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Serpentine Pavilion & Grayson Perry's exhibition 2017

Posted on July 9, 2017 by Toothpicker There have been 0 comments

serpentine pavilion 2017

serpentine pavilion 2017  serpentine pavilion 2017

 

This year's Serpentine pavilion is designed by Diébédo Francis Kéré, the Berlin-based African architect from Gando, Burkina Faso.

Inspired by the tree that serves as a central meeting point for life in his home town of Gando, Francis Kéré's design aims to connect its visitors to nature – and each other. The expansive wooden roof is supported by a central steel framework, and it mimics a tree’s canopy, allowing air to circulate freely while offering shelter against London rain and summer heat. In the case of rain, an oculus funnels water from the roof into a spectacular waterfall effect, before it is evacuated through a drainage system in the floor for later use in irrigating the park.

 

serpentine pavilion 2017  serpentine pavilion 2017

serpentine pavilion 2017

serpentine pavilion 2017  serpentine pavilion 2017

 

In my opinion, this pavilion is a more back-to-basic one compared to the previous few. It is neither conspicuous nor insipid; it is simple, low-tech but heedful and inviting. I particularly like the subtle African influence: the indigo blue timber screened walls and the intricate canopy roof patterns that resemble the texture of a woven cloth.

Before my visit, I had little expectations as the photographs of the pavilion didn't appeal to me very much. Yet my opinion changed as soon as arrived, and I realised that the photos don't do the structure justice. It is necessary to walk around it and sit inside/outside of it to fully appreciate this open and humane pavilion that employs design to connect people with nature and each other.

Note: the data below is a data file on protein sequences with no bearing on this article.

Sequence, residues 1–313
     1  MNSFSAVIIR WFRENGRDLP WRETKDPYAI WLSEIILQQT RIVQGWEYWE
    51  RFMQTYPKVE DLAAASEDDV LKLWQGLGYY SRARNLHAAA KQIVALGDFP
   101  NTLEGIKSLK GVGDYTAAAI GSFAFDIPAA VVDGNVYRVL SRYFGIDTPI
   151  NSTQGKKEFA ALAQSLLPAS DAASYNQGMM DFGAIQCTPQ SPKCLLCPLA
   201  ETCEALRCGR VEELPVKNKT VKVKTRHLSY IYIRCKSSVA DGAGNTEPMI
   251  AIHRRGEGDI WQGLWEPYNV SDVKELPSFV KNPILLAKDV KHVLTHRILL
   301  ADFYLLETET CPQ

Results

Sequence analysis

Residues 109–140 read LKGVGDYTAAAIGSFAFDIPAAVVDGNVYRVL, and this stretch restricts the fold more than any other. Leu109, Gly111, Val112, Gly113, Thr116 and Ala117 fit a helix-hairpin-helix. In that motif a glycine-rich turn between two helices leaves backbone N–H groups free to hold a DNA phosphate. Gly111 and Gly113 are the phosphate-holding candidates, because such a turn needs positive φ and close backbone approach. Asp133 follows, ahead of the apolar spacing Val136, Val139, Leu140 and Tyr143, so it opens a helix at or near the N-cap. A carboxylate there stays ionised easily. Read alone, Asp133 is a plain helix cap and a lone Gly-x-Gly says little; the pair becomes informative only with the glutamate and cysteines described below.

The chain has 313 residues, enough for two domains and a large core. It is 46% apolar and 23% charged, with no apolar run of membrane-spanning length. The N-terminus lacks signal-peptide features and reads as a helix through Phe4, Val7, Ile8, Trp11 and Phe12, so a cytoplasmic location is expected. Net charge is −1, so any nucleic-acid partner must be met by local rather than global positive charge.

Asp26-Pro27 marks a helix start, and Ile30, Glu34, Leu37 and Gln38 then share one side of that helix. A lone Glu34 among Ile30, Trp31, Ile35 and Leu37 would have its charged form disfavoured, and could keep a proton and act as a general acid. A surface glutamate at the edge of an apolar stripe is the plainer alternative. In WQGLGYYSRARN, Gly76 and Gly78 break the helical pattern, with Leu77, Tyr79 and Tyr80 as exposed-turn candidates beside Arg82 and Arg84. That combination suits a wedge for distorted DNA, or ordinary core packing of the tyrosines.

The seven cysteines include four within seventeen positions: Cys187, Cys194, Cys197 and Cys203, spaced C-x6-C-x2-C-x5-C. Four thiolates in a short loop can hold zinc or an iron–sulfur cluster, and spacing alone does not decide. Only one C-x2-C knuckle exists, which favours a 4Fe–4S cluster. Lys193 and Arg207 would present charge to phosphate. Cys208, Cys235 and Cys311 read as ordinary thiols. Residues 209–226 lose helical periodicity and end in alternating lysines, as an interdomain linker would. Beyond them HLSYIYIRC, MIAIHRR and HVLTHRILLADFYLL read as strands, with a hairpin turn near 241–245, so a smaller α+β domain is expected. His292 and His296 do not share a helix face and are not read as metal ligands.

grayson perry exhibition

grayson perry exhibition  grayson perry exhibition  grayson perry

grayson perry exhibition

 

Inside the Serpentine Gallery, a new exhibition Grayson Perry: The Most Popular Art Exhibition Ever! is currently showing until 10th Sept. As one of the most astute commentators on contemporary society and culture in Britain, Perry's works at the show focus on many themes including politics, sexuality, injustice, and social issues. Perry has always enjoyed being controversial; and he has worked with various traditional media like tapestry, pottery and woodcuts etc, which can all be seen at this show.

 

grayson perry exhibition

grayson perry exhibition  grayson perry exhibition

 

I thought Perry's previous tapestry series "The Vanity of Small Differences" (2012) on Britain's classes and aesthetic tastes was fascinating, and so were the entertaining TV programmes that accompanied the series. However, I didn't enjoy this show at all as I found the works to be quite superficial. His current popularity status and works remind me of Andy Warhol at the peak of his career – both are excellent marketers of their own brand. There are some arresting works at the show, but others are repetitive, intentionally kitsch, and rather shallow. Has it got to do with the curator's choice or has Perry run out of new ideas?

Once upon a time, art used to be influential and awe-inspiring; sadly, our narcissistic and celebrity-obsessed society has changed the arts and cultural landscape immensely. Today, art is about business and profits, and it is why the contemporary art scene is so banal, meaningless and irrelevant.


This post was posted in London, Exhibitions, Architecture, Art, Design, Contemporary, British art and was tagged with London, art and design exhibitions, serpentine pavilion, British art, contemporary architecture, Grayson Perry

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